Baker Brothers Plumbing offers both residential and commercial plumbing services including tank and tankless water heater replacement and maintenance; drain and sewer repairs or replacement; drain cleaning, clearing and jetting; pipe lining and pipe replacement; repipe; gas line repair; slab leak detection and slab leak repair; bathroom and kitchen faucet installation; garbage disposal repair and installation; and most general plumbing repairs in most or all of the following Dallas, TX ZIP Codes: 75229, 75230, 75225, 75220, 75209, 75219, 75247, 75212, 75235, 75201, 75207, 75248, 75287, 75252, 75244, 75254, 75240, 75251, 75248-1713, 75214, 75228, 75243, 75238, 75218, 75206, 75231, 75204, 75226, 75246, 75227, 75208, 75217, 75232, 75224, 75211, 75241, 75215, 75233, 75253, 75216, 75223, 75237, 75249, 75203, 75210
Get a minimum of three bids. Estimates for an average-sized job should be within a few hundred dollars. Be suspicious of anything that is substantially lower or double the price of the rest, and watch out for hidden fees, like charges for travel expenses. They could be signs of a home improvement scam. A good plumber will not nickel and dime you like this, and many of us will offer free estimates.
At Amanda Plumbing Sewer & Drain, we take care of all of your plumbing needs in Powell, OH and the surrounding areas. From drain cleaning, sewer cleaning, and excavating services to kitchen and bath remodelling, our expert workmanship guarantees you the best results for your home or business. Our experienced plumbers have more than 100 years of combined experience and we are ready to deliver the trusted local plumbing service you can rely on.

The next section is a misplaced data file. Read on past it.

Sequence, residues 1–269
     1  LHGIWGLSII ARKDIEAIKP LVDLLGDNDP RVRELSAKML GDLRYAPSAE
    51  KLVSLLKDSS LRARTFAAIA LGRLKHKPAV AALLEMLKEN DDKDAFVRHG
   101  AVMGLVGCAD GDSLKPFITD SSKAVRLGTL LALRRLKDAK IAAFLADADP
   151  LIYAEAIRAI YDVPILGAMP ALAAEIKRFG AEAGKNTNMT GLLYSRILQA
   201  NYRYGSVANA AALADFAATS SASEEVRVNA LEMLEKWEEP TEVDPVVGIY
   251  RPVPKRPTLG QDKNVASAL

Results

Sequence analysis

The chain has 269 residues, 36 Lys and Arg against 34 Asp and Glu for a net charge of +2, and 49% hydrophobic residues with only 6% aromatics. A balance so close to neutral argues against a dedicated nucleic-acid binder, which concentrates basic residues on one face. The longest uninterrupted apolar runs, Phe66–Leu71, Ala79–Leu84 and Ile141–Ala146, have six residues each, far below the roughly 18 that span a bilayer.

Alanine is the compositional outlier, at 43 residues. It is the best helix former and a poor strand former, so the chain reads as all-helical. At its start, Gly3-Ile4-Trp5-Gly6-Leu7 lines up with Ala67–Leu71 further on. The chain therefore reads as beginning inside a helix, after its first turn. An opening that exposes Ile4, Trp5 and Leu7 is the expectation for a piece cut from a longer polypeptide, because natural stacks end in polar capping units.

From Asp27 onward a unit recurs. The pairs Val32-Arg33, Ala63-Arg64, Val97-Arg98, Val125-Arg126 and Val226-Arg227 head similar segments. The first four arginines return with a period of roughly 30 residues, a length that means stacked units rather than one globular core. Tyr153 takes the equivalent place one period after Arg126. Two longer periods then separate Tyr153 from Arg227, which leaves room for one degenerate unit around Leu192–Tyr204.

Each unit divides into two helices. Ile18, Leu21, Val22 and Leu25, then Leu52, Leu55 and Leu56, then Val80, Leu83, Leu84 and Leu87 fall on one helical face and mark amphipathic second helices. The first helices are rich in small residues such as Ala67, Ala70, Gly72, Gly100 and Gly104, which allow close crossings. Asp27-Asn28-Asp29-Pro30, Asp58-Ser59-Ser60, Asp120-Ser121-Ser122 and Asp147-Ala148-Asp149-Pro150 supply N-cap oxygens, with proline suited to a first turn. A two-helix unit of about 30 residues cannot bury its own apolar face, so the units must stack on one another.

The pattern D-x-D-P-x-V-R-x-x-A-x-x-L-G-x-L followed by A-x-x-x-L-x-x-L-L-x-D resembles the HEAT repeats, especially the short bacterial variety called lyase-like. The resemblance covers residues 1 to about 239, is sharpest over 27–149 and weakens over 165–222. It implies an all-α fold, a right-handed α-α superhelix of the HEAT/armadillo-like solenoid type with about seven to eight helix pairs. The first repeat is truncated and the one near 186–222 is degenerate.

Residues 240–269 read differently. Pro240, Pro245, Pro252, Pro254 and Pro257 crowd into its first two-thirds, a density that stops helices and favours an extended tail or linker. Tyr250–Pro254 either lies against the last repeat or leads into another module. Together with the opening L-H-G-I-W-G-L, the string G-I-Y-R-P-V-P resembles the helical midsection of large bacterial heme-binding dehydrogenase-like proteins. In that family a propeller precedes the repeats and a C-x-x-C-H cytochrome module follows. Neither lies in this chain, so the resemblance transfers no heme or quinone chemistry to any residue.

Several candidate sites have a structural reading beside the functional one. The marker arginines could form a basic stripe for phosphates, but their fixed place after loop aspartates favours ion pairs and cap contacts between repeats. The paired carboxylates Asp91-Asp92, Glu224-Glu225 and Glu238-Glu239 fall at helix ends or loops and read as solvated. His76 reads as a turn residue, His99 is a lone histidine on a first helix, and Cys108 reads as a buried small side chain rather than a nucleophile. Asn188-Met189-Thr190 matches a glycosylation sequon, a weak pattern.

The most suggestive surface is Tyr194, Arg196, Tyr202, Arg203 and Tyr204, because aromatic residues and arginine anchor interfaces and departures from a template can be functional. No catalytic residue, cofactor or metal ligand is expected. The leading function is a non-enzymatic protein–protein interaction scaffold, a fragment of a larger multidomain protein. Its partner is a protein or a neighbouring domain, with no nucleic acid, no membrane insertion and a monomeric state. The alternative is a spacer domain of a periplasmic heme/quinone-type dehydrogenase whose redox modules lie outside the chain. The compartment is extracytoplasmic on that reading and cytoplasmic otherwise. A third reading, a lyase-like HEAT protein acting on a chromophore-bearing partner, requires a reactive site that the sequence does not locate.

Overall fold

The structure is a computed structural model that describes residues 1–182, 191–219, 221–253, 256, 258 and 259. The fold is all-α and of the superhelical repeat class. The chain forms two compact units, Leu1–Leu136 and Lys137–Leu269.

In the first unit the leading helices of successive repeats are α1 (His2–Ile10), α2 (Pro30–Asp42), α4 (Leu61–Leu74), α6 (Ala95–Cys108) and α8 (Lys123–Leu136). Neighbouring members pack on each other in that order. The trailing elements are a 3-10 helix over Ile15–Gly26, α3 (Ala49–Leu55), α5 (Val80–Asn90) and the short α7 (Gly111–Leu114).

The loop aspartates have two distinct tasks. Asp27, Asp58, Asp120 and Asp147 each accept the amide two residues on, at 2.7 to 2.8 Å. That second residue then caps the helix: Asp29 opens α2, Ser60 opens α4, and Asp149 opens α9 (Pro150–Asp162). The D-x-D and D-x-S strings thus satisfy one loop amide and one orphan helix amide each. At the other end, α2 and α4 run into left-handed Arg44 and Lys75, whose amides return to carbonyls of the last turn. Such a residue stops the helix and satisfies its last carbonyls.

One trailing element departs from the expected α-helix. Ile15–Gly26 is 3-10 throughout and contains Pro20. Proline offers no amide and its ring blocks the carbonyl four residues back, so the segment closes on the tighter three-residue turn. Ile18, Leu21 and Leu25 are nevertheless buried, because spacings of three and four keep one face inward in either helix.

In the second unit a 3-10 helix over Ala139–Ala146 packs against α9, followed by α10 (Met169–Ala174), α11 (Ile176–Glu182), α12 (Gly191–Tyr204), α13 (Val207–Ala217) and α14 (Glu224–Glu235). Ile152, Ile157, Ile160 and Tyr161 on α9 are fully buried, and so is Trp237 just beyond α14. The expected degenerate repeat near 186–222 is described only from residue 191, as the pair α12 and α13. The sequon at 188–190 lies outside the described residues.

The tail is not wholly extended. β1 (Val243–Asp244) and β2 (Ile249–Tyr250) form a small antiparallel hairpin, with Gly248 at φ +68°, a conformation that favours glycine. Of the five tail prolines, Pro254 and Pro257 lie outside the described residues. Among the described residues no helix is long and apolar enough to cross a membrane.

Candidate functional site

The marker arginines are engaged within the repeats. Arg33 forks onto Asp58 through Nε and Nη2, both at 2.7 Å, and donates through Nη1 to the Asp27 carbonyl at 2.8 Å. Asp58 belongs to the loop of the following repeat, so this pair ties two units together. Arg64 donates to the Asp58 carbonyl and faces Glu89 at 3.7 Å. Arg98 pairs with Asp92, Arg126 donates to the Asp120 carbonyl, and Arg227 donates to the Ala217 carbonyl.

Plumbing Repair Company
To work independently, a plumber is required to receive a license. In most states, the prerequisite for earning this license is two to five years of practical experience. There's also an exam to test technical know-how and understanding of plumbing codes. The United Association's website offers extensive information on licensing requirements by state.
plumbers must be asked directly what they charge hourly and if that is in addition to a service charge. The two are separate and I think they have gotten away with outrageous charges because of the potential of water damaging homeowner structures. I had a plumber (not Home advisor) come and replace a part in my kitchen sink that was under warranty---the spray nozzle had been leaking...He charged me $85.00 for 15 minutes of work and I will never use Mr King again.
My hot water heater ruptured at 2030 on a Tuesday and Justin along with Trey were at my house at 0830 the next morning. They were consummate professionals the entire time they were in my garage. They were courteous and polite and worked as hard as they could on a difficult removal and replacement. I can't thank them and Atomic Pluming enough. I'll call them for anything in the future and you should too!